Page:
The World Health Organisation expects to make decisions on whether to give emergency use approval to COVID-19 vaccines from Pfizer, Moderna and AstraZeneca in coming weeks, its chief scientist says.
Soumya Swaminathan said the global health body could decide on Pfizer’s vaccine candidate in the next “couple of weeks” and later said it could also review Moderna’s and AstraZeneca’s in a few weeks.
WHO approval could allow a vaccine to be deployed in some countries where their own medical regulators have not yet been able to evaluate it.
Swaminathan said at least 10 companies had expressed an interest or submitted a request for emergency approval for vaccine candidates.
WHO Director-General Tedros Adhanom Ghebreyesus said nearly a billion doses of vaccines had been secured for the COVAX program to provide shots for poor- and middle-income countries, with 189 countries participating.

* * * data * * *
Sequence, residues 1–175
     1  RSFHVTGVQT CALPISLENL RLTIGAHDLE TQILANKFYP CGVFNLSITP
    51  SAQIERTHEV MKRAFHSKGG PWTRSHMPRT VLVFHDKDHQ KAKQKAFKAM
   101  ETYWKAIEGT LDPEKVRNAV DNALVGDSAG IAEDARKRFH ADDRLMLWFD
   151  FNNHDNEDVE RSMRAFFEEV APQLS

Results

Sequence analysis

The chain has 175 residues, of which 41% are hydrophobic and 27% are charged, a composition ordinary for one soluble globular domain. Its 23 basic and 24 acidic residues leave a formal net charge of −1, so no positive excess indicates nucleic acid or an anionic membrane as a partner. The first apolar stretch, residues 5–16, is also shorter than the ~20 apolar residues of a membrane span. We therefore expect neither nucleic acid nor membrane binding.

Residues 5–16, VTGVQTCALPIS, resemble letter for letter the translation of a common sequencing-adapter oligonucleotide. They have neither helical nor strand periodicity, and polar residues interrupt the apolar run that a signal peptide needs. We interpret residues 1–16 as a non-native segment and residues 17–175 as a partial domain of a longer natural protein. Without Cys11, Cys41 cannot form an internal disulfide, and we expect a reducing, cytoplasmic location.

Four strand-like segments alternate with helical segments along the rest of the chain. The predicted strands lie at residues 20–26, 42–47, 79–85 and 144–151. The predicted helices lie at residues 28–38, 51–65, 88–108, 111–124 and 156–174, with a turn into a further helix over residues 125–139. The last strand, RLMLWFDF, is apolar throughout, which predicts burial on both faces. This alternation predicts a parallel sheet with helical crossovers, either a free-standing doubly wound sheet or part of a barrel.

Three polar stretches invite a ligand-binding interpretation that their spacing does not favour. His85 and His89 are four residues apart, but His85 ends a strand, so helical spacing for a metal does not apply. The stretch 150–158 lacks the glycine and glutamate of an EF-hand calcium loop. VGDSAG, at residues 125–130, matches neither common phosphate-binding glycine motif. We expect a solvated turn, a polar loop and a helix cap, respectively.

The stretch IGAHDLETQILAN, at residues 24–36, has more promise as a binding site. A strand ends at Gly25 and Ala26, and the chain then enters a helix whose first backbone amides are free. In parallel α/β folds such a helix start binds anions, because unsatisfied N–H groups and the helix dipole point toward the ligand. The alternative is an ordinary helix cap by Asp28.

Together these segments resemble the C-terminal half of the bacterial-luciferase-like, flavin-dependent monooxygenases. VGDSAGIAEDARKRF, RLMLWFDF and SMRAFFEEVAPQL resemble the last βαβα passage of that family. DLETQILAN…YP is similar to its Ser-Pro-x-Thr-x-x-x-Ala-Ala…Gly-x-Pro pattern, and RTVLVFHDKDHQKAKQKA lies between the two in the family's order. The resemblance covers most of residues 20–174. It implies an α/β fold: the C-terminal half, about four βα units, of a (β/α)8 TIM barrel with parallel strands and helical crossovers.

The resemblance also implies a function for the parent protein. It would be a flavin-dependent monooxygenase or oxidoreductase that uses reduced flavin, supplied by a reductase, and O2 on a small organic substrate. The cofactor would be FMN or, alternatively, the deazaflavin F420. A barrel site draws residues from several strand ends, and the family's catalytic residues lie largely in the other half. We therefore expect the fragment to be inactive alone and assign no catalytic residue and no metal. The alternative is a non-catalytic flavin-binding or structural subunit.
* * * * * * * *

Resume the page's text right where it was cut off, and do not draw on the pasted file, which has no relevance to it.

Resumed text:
But several WHO officials noted that it would still take time to manufacture enough doses of vaccines to meet demand.
Swaminathan said the supply was likely to be limited for the first half of 2021.
British pharmaceutical company AstraZeneca said on Friday it would collaborate with a Russian state producer of Sputnik V to potentially combine their coronavirus vaccines.
Meanwhile, Sanofi and GlaxoSmithKline said their potential COVID-19 vaccine won’t be ready until late next year as they seek to improve the shot’s effectiveness in older people.
The companies said early-stage trials showed the vaccine produced an “insufficient” immune response in older adults, demonstrating the need to refine the product so it protects people of all ages.